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In int (*x)[10]; x is a pointer to an array of 10 ints

So why does this code not compile:

int arr[3] ;

int (*p)[3] =arr;

But this works:

int  arr[3];

int (*p)[3] =&arr;
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2 Answers 2

up vote 10 down vote accepted

arr is an expression that evaluates to an int* (this is the famous 'arrays decay to pointer' feature).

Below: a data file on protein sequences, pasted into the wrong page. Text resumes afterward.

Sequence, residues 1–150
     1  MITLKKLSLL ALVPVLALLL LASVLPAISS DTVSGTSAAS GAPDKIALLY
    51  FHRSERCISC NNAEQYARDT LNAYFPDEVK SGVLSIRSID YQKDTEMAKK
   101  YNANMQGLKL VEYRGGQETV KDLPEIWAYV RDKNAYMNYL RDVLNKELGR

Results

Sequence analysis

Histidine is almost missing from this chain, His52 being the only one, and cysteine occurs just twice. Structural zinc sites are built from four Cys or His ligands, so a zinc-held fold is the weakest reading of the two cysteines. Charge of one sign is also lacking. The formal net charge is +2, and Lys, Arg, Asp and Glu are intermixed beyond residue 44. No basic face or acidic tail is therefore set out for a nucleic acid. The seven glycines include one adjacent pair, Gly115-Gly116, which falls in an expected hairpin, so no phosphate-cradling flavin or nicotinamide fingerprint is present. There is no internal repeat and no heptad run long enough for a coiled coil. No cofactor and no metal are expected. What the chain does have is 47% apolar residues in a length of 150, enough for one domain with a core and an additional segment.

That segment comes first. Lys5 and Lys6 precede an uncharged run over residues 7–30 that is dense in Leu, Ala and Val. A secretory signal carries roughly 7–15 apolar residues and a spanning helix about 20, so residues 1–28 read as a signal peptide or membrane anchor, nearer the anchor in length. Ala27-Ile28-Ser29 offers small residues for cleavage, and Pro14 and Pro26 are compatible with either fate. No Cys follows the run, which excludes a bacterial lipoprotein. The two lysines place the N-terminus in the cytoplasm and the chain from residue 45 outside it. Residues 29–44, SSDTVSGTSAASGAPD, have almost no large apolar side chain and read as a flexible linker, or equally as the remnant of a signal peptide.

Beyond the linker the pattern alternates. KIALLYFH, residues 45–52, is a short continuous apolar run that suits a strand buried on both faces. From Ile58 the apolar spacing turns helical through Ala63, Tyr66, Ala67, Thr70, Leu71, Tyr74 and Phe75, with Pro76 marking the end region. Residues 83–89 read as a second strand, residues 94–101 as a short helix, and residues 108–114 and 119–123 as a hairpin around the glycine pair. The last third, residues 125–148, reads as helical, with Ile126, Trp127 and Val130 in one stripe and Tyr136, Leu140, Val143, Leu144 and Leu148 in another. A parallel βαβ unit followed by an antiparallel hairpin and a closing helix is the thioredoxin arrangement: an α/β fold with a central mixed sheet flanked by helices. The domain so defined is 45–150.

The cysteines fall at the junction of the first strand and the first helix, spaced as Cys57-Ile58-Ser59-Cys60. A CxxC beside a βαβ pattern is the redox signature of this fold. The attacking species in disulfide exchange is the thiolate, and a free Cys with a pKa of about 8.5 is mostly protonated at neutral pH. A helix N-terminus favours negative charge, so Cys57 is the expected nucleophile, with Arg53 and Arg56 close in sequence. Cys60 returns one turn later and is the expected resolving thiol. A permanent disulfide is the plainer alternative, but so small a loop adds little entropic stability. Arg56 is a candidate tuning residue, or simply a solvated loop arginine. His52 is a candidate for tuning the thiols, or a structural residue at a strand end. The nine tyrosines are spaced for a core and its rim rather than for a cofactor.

&arr is an expression that evaluates to a int (*)[3].

Array names 'decay' to pointers to the first element of the array in all expressions except when they are operands to the sizeof or & operators. For those two operations, array names retain their 'arrayness' (C99 "Lvalues, arrays, and function designators").

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+1: I would also point out that, although of a different type, both expressions return the same pointer address. – Blagovest Buyukliev Sep 8 '11 at 14:55

It doesn't work for exactly the same reason as:

int i;
int* pi = i; // error: no conversion from int to int*
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